CBG is a new cannabinoid with promising medical prospects, although there is still much research to be done.

Personally, as an evolutionary biologist, what fascinates me most about this compound is at the biochemical level. The mother cannabinoid has the potential to produce different protein structures, and is essential for the production of the other cannabinoids in the next step of the metabolic pathway.

I hope I have convinced you that the mother cannabinoid is the coolest of them all, an example of a cool cannabinoid. See you next time!

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Referencias
  1. Smith, C.J., et al., The phytochemical diversity of commercial cannabis in the United States. PLoS one, 2022. 17(5): p. E0267498.
  2. Fischedick, J. T., & Hazekamp, A. (2016). Cannabis-From Cultivar to Chemovar. Frontiers in plant science, 7, 19. https://doi.org/10.3389/fpls.2016.00019
  3. Gaoni Y, Mechoulam R. Isolation, Structure, and Partial Synthesis of an Active Constituent of Hashish. J Am Chem Soc. 1964;86(8):1646-1647. doi:10.1021/ja01062a046. PMID: 14149668.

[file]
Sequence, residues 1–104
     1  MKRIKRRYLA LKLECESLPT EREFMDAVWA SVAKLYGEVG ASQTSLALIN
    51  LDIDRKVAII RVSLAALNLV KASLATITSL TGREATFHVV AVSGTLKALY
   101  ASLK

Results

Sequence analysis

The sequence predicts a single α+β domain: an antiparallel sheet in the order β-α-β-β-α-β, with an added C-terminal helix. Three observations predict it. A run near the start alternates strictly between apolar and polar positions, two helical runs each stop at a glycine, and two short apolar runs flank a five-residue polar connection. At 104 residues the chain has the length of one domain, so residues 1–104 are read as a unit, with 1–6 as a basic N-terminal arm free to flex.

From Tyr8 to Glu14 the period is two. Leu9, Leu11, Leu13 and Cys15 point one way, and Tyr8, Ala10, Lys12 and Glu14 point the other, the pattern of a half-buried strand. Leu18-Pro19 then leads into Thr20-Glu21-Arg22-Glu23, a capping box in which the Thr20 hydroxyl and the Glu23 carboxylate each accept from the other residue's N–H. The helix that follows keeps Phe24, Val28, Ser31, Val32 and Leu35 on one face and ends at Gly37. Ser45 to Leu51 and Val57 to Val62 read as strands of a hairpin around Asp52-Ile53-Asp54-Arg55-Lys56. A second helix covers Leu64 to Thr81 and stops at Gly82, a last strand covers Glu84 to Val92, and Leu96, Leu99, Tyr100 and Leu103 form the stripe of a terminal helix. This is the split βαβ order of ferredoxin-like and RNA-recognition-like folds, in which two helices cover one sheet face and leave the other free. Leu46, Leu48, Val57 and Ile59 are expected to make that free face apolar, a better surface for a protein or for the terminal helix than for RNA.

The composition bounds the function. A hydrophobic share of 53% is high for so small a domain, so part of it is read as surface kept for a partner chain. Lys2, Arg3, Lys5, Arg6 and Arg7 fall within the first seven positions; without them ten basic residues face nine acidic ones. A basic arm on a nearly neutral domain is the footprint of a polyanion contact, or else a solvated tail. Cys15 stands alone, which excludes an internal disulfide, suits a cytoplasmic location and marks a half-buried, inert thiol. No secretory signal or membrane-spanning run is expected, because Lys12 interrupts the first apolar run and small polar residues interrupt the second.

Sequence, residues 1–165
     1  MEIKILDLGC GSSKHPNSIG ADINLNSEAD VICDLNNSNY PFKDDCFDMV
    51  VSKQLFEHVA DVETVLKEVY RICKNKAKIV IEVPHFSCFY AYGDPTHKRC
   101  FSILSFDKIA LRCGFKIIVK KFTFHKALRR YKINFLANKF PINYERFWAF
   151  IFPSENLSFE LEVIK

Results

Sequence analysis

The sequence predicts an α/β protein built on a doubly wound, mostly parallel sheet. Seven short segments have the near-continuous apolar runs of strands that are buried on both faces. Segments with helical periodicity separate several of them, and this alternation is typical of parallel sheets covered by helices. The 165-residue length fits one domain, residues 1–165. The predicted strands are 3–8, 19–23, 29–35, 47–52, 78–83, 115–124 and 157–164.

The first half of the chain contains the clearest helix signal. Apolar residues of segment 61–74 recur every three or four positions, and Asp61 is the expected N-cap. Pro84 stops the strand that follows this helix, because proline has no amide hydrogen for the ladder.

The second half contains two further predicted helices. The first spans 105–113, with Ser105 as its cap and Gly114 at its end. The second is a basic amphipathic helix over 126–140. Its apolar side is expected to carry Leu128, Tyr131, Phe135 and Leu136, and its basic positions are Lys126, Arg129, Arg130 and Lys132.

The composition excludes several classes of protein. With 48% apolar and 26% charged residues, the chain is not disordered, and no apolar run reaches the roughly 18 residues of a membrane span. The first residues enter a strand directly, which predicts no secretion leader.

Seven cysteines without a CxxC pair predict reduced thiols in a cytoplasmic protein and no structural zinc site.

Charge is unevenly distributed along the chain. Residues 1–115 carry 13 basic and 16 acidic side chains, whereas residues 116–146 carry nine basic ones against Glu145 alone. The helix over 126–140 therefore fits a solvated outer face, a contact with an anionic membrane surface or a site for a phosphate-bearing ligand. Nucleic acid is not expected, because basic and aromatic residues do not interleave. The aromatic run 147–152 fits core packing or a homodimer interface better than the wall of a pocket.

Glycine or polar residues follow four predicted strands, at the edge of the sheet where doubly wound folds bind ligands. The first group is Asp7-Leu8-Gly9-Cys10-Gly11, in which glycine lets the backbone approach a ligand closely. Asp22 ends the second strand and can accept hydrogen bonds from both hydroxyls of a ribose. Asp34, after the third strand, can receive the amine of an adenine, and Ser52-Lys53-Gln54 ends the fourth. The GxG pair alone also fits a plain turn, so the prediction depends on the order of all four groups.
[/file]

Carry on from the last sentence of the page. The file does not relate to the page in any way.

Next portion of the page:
4. Navarro F, Carrillo-Salinas FJ, Palomares B, et al. Cannabigerol Action at Cannabinoid CB1 and CB2 Receptors and at CB1-CB2 Heteroreceptor Complexes. Cannabis Cannabinoid Res. 2018;3(1):158-165. doi: 10.1089/can.2018.0006. PMID: 29632456; PMCID: PMC6140266.
  5. Allen, K.D., et al., Evolution, Expansion and Characterization of Cannabinoid Synthase Gene Family in Cannabis Sativa. bioRxiv, 2022: p. 2022.11.18.517131.
  6. Valdeolivas, S., et al., Neuroprotective properties of cannabigerol in Huntington’s disease: studies in R6/2 mice and 3-nitropropionate-lesioned mice. Neurotherapeutics, 2015. 12(1): p. 185-199.
  7. Borrelli, F., et al., Colon carcinogenesis is inhibited by the TRPM8 antagonist cannabigerol, a Cannabis-derived non-psychotropic cannabinoid. Carcinogenesis, 2014: p. bgu205.
  8. Anderson, L.L., et al., Cannabigerolic acid, a major biosynthetic precursor molecule in cannabis, exhibits divergent effects on seizures in mouse models of epilepsy. British journal of pharmacology, 2021. 178(24): p. 4826-4841.
  9. Swortwood, M. J., et al. (2017). “Cannabinoid disposition in oral fluid after controlled smoked, vaporized, and oral cannabis administration.” Drug testing and analysis 9(6): 905-915.

Dra. Daniela Vergara
Investigadora y catedrática | Especialista en cultivos emergentes y consultora de cannabis